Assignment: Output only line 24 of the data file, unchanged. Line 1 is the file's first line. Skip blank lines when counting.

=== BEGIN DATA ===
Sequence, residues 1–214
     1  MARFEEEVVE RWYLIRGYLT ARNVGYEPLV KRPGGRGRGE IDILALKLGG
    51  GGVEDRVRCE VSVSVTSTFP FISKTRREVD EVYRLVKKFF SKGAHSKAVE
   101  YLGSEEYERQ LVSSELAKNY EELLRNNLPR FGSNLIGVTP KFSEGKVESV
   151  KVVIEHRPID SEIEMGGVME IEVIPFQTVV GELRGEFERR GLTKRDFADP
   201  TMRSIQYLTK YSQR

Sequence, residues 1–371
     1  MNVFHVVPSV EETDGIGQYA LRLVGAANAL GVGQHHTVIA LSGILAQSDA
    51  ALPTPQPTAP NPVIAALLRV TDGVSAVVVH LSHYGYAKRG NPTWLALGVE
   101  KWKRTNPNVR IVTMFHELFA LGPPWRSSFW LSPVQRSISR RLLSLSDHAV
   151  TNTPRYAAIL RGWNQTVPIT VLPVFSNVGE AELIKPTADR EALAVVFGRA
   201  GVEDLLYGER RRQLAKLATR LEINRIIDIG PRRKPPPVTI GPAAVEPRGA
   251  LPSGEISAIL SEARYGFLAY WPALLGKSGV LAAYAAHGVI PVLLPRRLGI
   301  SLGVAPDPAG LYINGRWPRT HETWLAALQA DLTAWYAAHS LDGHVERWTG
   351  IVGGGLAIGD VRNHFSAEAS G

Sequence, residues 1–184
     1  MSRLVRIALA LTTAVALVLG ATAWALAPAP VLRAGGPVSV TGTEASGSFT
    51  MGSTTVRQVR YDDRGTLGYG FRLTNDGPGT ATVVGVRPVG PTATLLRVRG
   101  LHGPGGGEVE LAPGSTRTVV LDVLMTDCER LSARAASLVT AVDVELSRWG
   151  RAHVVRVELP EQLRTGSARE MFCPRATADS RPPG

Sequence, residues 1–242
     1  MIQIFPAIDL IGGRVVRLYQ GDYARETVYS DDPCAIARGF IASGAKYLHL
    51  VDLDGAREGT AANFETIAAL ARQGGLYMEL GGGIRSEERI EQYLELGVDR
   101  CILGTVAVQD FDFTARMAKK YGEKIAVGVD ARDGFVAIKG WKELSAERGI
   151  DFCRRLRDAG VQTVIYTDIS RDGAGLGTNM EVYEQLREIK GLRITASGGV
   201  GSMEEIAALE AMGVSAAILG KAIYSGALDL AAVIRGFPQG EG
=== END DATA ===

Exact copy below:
   101  CILGTVAVQD FDFTARMAKK YGEKIAVGVD ARDGFVAIKG WKELSAERGI